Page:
A Raisin in the Sun is based on a poem called "A Dream Deferred" by Langston Hughes. The story opens with the main character (Walter) in Chicago struggling to survive. Walter lives in a small apartment with his wife, his son, his mother (who has always dreamed of owning a home in a nice neighborhood), and his sister (who wants to be a doctor and will need tuition money soon). Most of the time is spent arguing. Because this story is set in the 1950s, the family also has to deal with racism and segregation, which creates even more problems. Walter's family has to decide whether they can trust him.
Click here to see the rest of this review
Walter seems to deal with his problems one of two ways: lashing out or drinking. His sister generally berates him and when she brings an African friend home, he returns the favor. Walter is famous for being a drunk failure, but this time he has convinced everyone that he's part of a small group of men who will pool their money together for a get rich quick scheme. Then, Walter's wife finds out that she is pregnant and she feels pressure from Walter to have an abortion. Everyone in the family is skeptical, but eventually, he convinces his mother that he can do it just when she comes into a large amount of money.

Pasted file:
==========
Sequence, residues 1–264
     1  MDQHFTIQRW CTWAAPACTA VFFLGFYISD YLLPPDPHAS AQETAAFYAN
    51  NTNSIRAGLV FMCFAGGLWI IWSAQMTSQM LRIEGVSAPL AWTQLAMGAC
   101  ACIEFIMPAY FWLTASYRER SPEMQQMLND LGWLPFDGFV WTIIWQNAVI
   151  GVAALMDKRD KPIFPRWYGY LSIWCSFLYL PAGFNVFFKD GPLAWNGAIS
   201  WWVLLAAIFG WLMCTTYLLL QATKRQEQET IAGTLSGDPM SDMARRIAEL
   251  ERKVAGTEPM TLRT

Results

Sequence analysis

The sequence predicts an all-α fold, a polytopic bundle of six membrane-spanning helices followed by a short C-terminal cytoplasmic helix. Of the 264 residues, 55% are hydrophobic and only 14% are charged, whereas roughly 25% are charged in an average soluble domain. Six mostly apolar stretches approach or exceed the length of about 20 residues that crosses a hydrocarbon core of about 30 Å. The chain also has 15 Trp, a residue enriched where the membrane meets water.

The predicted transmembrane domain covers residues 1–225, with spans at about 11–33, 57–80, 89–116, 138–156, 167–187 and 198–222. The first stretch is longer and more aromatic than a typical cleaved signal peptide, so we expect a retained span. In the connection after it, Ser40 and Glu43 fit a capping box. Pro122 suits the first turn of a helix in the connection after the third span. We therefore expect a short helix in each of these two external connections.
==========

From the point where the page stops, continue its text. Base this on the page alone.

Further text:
Best part of story, including ending:
I enjoyed reading Walter's evolution from hopeless drunk to family leader.
Best scene in story:
My favorite scene is when Walter's mother talks to his wife about the new baby because although the book can get depressing, the mother offers some hope & light.
Opinion about the main character:
I disliked him from the beginning because he was so angry and ornery towards the women in the book. He was a bad example for his son at first.
The review of this Book prepared by Shauntrice Martin